Yet, like empaths, we submerge our hearts, bodies, and psyches in their lives. As they journey through the pages of our books, we experience their loves and fears, friendships and loathing, bravery and betrayals, times of great joy and desperate despair. This intimacy is one reason why writing violent scenes can be difficult.
A character’s view of and tolerance for violence (and sex, by the way) may be considerably different from our own. Violent choices, attitudes, and behaviors can easily push us beyond the borders of our comfort zones. How graphic we choose to be will depend partly on our intended audience, but also on our personal thresholds. It’s difficult to write a scene where a character contentedly partakes in a level of violence that makes us recoil, and not have our distress slip through.
In my previous career as a mental health counselor, I frequently worked with young women who were victims of abuse as children and teens. Violence took myriad forms and lefts indelible wounds on innocent souls. What I found hardest to bear was how difficult it was for them to break free of destructive patterns, to believe in their intrinsic worthiness and right to be tenderly loved. Happy endings and sweet love stories were fantasies that played out in the scripted world of television and movies. They weren’t real.
I wrote my first fantasy book, Myths of the Mirror, for them. It’s a non-violent story about acceptance, forgiveness, and the freedom that results from owning one’s life and braving new choices. It’s a story close to my heart, one I needed to tell.
My books have become increasingly violent. My most recent novel, The Bone Wall, is pretty darn grim (by my standards anyway). For a time, I wondered why I was writing this stuff. It’s not because I believe that fantasy lends itself to brutality or because I think violence sells. I’ve never written for pure marketability. My stories arise organically and are told the way I need to tell them.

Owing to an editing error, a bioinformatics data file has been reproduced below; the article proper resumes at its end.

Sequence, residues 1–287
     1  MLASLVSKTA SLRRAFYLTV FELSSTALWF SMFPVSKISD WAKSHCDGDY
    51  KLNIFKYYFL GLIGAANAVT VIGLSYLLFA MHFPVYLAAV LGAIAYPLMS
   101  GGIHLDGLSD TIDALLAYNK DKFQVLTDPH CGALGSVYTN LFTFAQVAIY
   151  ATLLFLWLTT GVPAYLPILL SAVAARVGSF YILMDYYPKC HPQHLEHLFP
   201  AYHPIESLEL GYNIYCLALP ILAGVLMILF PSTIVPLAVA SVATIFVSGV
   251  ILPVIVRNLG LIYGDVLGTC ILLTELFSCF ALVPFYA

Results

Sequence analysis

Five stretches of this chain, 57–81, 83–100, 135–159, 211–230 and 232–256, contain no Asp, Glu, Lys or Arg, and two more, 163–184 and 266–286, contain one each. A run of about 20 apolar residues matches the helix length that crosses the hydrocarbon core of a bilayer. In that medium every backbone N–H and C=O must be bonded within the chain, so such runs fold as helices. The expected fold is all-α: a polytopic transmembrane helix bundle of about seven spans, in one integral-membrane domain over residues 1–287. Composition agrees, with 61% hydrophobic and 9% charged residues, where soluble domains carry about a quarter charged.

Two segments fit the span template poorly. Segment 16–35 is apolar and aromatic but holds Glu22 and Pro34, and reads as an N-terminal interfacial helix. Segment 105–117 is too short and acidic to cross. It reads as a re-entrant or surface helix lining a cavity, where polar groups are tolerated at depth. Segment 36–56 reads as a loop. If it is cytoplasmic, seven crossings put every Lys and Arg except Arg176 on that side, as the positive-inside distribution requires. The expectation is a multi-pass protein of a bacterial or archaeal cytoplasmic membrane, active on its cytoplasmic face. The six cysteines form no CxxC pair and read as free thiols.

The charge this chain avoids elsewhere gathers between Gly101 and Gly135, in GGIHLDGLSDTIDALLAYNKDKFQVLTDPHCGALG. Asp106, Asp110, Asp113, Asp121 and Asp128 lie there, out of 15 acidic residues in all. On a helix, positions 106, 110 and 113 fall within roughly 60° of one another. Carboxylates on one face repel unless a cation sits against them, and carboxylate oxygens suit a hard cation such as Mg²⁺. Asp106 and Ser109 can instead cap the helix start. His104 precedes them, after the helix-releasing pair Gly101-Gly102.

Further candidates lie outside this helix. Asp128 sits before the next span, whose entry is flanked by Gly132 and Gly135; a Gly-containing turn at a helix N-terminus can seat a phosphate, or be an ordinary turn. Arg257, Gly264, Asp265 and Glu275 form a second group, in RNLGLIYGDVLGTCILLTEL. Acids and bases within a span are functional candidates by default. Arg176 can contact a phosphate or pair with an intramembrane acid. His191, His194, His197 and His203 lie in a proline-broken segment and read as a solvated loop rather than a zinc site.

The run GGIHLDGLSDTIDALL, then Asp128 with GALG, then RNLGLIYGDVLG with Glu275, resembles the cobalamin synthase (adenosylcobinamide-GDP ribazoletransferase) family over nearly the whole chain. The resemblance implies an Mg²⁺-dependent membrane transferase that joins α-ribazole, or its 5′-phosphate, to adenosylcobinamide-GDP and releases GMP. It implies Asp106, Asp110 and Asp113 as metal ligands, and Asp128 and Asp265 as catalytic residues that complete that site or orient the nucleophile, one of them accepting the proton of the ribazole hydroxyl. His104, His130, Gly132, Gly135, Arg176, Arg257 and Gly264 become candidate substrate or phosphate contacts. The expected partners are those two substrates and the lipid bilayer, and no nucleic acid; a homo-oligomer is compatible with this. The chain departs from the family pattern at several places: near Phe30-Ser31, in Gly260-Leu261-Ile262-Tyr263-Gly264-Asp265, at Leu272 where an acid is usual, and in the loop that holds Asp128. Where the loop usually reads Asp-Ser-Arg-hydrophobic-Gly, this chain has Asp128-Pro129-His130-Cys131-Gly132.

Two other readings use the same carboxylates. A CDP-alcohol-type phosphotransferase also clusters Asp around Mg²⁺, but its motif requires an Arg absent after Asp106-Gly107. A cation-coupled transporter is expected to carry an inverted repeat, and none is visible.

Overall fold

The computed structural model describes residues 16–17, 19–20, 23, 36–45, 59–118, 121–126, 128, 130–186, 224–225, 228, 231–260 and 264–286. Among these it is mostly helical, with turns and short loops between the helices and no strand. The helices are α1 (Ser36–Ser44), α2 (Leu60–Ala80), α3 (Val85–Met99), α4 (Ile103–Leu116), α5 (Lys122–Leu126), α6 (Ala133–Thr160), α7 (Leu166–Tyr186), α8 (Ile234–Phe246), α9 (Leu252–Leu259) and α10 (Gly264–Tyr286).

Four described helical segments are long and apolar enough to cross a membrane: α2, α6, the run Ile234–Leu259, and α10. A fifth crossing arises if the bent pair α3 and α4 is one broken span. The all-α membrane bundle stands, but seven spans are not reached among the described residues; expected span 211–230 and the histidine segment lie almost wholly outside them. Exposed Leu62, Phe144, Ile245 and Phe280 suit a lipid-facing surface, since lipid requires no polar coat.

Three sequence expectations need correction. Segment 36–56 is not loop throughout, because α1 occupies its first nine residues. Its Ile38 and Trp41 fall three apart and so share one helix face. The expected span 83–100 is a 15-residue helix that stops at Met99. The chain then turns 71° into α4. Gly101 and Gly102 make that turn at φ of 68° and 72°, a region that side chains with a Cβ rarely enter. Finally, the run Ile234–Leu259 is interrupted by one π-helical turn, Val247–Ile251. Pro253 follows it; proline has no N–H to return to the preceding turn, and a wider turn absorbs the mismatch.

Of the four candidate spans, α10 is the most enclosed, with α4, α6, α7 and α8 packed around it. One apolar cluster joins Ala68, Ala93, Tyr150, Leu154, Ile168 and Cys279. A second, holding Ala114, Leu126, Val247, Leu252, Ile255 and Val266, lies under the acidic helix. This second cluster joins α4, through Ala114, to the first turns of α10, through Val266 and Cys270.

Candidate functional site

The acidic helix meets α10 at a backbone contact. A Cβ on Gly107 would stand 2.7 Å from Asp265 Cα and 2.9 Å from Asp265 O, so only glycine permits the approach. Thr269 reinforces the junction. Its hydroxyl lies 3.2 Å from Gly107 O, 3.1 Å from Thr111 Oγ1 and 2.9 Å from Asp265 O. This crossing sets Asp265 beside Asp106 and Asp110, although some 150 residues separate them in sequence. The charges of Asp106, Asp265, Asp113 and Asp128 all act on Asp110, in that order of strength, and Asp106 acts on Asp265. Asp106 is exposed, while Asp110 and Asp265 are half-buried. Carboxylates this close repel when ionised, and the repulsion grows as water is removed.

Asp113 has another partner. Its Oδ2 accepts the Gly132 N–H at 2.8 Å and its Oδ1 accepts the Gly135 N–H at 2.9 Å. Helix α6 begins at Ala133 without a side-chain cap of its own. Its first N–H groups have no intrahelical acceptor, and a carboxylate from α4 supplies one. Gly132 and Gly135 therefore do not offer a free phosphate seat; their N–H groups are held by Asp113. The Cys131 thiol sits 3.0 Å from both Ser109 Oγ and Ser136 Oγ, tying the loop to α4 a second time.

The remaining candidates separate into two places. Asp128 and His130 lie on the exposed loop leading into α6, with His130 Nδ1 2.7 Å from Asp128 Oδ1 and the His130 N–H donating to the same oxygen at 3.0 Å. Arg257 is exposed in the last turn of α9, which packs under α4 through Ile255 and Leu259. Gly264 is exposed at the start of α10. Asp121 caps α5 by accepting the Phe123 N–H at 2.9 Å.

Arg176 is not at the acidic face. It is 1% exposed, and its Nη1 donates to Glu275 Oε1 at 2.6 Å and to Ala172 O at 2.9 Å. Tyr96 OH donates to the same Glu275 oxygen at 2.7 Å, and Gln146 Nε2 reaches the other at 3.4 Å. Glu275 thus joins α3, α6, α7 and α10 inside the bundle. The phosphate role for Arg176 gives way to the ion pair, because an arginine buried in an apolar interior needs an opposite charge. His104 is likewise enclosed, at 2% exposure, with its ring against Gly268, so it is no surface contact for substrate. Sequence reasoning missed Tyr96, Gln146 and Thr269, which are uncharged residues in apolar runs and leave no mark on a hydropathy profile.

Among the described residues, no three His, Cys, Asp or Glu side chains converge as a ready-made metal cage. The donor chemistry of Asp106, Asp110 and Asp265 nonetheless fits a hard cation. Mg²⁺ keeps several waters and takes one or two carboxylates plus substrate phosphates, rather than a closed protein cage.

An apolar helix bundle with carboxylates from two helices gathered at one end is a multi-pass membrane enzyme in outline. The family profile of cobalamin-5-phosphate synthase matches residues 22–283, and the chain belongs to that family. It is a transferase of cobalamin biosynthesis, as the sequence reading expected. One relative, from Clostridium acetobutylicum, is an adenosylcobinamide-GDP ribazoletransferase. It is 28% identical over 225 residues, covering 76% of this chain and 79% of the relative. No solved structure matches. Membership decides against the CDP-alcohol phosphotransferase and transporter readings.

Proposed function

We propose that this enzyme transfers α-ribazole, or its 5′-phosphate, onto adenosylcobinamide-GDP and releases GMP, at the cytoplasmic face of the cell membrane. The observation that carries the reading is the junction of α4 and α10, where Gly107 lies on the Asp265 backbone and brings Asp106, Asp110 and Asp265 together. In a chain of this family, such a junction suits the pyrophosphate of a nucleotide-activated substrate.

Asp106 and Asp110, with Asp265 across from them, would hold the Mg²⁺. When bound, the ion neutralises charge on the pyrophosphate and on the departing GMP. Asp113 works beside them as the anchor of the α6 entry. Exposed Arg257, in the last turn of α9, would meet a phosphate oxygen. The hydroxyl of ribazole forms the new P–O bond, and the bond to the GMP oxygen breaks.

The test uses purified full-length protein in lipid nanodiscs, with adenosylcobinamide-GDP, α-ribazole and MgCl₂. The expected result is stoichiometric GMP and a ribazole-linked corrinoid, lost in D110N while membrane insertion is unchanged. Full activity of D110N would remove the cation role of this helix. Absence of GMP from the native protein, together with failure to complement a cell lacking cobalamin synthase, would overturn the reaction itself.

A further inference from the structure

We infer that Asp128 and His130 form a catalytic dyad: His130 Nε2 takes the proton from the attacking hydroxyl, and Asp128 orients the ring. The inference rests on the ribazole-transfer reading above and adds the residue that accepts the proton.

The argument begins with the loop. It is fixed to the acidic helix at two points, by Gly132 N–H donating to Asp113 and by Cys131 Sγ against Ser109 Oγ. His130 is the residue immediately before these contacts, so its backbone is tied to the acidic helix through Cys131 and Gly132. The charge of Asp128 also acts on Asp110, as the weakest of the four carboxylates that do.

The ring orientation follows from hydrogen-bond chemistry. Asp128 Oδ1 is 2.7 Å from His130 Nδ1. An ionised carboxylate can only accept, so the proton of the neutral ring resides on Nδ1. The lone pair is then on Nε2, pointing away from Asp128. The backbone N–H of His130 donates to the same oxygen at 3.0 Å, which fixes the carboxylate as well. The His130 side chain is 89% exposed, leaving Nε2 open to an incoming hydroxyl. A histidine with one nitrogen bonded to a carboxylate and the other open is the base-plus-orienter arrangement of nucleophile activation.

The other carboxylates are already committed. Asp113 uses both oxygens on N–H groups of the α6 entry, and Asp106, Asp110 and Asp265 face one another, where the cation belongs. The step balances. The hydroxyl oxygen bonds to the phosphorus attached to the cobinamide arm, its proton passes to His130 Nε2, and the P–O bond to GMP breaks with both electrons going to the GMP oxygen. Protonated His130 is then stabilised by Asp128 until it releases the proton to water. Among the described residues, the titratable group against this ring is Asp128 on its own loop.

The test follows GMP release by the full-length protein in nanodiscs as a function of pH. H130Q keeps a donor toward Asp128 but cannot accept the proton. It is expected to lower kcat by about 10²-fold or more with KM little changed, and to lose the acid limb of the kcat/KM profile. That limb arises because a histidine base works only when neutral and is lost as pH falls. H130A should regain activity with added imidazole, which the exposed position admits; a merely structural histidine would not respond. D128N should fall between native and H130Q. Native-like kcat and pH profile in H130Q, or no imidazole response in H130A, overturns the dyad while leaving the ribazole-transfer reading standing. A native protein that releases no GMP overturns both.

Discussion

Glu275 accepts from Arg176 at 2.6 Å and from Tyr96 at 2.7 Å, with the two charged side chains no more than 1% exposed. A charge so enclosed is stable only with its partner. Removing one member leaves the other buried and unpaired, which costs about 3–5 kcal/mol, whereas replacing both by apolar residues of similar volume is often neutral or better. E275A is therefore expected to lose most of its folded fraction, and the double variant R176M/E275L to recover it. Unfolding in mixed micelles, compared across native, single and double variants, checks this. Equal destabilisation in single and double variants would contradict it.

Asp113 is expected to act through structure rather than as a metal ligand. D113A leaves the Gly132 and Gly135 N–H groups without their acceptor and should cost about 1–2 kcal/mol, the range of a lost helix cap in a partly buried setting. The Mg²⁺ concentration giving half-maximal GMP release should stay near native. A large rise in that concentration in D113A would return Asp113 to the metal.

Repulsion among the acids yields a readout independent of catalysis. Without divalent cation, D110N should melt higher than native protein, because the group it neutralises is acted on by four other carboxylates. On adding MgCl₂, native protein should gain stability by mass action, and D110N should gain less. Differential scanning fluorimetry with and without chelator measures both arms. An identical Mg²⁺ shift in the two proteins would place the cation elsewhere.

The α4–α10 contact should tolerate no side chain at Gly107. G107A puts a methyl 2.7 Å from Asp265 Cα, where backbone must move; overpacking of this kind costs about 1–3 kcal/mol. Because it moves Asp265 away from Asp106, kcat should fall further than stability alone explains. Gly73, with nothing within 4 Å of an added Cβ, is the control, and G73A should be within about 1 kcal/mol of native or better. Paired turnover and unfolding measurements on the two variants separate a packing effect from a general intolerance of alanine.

We live in a dangerous world where the depth and breadth of violence continues to astonish me. Network news programs flash mere snapshots and move on. For to see it up close and personal, night after night, might depress us, or require us to speak and act, a possibility that raises the fearsome face of responsibility and choice.
Personally, I’ve experienced only glimpses of violence – in the stolen innocence and lost hope that surrounds me, and in the murder of my youngest brother, an event that still aches after twelve years. I’ve never fought in a war, suffered torture, witnessed executions, seen my neighbors slaughtered, or been sold as chattel, yet those horrors occur daily in our world.
Why? I pen my stories with as much truth as I can tolerate, and that includes violence. I try not to sugarcoat, to glorify, to pretend that violence doesn’t hurt or change those who encounter it as perpetrators or victims. If some readers find it too graphic, that’s okay. I’m willing to risk a scene or two (or more) of violence if it continues to raise the real-world question of why.